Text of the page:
Long before blowing soapy bubbles with a storebought kit, we had dandelions. To this day I cannot say why it was such a childhood delight to pluck the ripe blowball and send the feathered seeds to flight on a silent whistle.

To a yard it’s a weed. Its broad leaves and tall stems disrupt the tranquility of a manicured lawn. To a bee it’s candy. The sunny bloom of the lowly dandelion invites honeybees to partake of its delights. To a person it is a vegetable, so I read.

It’s a wondrous thing that a simple plant could foster such pessimism and optimism. G.K. Chesterton, the British writer and philosopher, recalled his childhood fascination with the dandelion. He used the ubiquitous plant to illustrate the lack of wonder in humans who plod the oblivious path of uninspired lives. Mankind “has no right even to see a dandelion,” he writes, “for he could not himself have invented either the dandelion or the eyesight.”

The things you never consider or take for granted are the very things that would fill your heart with wonder. The rights you assume over your personal choices and worldview, not to mention your body, values, and relationships, betray a great omission – awe of your Creator. Chesterton warned of “the strange and staggering heresy that a human being has a right to dandelions; that in some extraordinary fashion we can demand the very pick of all the dandelions in the garden of Paradise; that we owe no thanks for them at all and need feel no wonder at them at all; and above all no wonder at being thought worthy to receive them.”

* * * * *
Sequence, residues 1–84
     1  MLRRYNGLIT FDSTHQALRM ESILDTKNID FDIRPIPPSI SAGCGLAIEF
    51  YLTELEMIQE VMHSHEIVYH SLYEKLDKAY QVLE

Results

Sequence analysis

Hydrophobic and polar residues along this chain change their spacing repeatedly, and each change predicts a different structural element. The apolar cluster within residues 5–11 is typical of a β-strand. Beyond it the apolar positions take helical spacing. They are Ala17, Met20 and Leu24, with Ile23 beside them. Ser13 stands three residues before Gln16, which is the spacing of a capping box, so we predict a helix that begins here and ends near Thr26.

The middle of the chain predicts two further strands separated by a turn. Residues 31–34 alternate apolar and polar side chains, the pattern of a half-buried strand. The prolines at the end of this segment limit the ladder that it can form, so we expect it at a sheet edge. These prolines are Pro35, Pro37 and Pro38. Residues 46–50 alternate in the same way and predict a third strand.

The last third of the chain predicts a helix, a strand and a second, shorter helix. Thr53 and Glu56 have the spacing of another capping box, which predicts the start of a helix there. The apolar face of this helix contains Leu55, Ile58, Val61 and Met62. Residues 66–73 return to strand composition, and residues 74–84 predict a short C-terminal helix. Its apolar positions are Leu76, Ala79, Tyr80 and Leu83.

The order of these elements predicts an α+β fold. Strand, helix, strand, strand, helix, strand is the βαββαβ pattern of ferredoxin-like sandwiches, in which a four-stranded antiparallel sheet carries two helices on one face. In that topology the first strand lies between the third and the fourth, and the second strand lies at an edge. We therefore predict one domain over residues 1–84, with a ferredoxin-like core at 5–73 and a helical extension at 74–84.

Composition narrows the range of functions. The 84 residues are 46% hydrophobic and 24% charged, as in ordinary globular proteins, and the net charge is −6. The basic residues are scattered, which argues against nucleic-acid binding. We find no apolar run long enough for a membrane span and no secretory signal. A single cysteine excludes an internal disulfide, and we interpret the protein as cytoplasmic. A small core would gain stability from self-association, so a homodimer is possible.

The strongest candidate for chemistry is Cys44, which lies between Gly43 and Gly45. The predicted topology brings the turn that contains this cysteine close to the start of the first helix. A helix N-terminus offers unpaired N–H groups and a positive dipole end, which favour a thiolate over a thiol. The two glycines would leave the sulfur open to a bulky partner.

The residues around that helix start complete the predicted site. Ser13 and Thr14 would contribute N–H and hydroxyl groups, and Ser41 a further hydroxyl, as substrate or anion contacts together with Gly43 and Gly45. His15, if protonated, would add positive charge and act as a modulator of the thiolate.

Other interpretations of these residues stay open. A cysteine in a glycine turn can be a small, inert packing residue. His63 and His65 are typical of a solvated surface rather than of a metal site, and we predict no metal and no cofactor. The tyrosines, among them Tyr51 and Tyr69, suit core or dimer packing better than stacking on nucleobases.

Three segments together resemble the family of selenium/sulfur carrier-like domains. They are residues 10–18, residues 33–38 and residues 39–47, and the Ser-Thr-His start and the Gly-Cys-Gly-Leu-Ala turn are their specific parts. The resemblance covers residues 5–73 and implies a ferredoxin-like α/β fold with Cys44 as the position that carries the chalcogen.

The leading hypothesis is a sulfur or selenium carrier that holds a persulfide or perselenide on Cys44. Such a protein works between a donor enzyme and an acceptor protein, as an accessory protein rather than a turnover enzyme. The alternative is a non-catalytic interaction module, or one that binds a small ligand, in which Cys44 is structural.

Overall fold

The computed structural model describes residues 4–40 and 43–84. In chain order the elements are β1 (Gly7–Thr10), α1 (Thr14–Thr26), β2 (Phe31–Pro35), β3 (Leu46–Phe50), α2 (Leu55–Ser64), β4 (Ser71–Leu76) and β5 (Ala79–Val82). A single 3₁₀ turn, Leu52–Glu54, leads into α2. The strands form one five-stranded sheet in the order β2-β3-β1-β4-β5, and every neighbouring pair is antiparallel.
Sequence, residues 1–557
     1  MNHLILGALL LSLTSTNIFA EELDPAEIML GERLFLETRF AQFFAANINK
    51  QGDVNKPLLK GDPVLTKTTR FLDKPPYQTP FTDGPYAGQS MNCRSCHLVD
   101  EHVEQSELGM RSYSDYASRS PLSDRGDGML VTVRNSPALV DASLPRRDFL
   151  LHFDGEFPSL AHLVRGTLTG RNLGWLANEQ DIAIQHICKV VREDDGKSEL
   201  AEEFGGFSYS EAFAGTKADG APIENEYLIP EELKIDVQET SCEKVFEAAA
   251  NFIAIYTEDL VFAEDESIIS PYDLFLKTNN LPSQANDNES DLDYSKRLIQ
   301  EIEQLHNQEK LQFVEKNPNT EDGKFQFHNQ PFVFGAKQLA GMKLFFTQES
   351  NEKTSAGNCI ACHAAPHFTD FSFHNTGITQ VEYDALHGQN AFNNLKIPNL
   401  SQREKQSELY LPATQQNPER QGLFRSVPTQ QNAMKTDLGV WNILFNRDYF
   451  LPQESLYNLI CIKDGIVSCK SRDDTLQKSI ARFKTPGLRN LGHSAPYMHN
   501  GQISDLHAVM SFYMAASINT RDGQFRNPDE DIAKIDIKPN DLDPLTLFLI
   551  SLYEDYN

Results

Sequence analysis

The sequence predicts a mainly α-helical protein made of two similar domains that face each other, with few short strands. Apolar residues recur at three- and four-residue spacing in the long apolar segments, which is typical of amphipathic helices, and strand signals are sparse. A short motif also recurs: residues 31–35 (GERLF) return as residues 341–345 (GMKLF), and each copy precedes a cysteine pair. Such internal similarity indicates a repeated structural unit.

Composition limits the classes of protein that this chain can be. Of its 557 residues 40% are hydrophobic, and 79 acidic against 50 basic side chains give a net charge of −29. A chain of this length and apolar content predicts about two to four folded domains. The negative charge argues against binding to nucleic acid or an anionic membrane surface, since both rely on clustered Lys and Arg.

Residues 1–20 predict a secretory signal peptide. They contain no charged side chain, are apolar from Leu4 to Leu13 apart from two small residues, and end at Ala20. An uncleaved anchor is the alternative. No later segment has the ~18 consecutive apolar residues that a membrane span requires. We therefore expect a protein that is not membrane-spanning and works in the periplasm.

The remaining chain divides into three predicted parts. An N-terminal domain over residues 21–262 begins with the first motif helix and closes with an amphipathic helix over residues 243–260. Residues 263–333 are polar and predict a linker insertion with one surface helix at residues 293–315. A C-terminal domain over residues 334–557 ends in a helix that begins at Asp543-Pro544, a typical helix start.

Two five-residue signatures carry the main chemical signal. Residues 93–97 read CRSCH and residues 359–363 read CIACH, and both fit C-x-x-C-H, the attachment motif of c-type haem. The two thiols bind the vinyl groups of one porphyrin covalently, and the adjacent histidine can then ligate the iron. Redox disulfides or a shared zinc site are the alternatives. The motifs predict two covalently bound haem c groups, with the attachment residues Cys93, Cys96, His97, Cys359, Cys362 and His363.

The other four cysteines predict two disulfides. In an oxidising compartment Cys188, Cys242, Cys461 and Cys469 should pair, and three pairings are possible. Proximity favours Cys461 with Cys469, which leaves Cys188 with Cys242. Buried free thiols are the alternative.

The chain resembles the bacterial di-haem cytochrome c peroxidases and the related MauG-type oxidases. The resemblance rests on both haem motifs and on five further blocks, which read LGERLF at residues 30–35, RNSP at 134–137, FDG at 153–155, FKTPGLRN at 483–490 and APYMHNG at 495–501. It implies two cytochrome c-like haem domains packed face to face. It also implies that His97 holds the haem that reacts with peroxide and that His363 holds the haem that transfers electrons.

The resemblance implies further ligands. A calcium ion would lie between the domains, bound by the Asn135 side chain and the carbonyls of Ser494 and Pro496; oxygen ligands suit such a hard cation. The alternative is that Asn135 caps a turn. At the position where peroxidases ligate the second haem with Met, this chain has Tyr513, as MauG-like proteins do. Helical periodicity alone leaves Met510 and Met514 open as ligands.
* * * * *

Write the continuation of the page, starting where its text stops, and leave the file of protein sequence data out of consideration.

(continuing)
What are you to do, finding yourself somewhere along the oblivious path? Look at a dandelion and all its intricate detail and ask how it got here? Ask how you got here? Why do you experience what dandelions cannot – love, emotion, thoughts? You are capable of asking with the philosopher Leibniz, “Why is there something and not nothing?” Raising your awareness of origin and meaning stirs your sense of awe, wonder, and optimism.

The Psalmist captured a transcendent moment of wonder with a lingering glance into a clear night sky. “O Lord, our Lord, how majestic is Your name in all the earth, Who have displayed Your splendor above the heavens! When I consider Your heavens, the work of Your fingers, the moon and the stars, which You have ordained; What is man that You take thought of him, and the son of man that You care for him?” (Psa. 8:1,3-4).

And there you have it. The lowly dandelion, the heavenly lights, and all creation conspire to fill your heart with wonder and draw you to the One who is most wonderful. And He cares for you.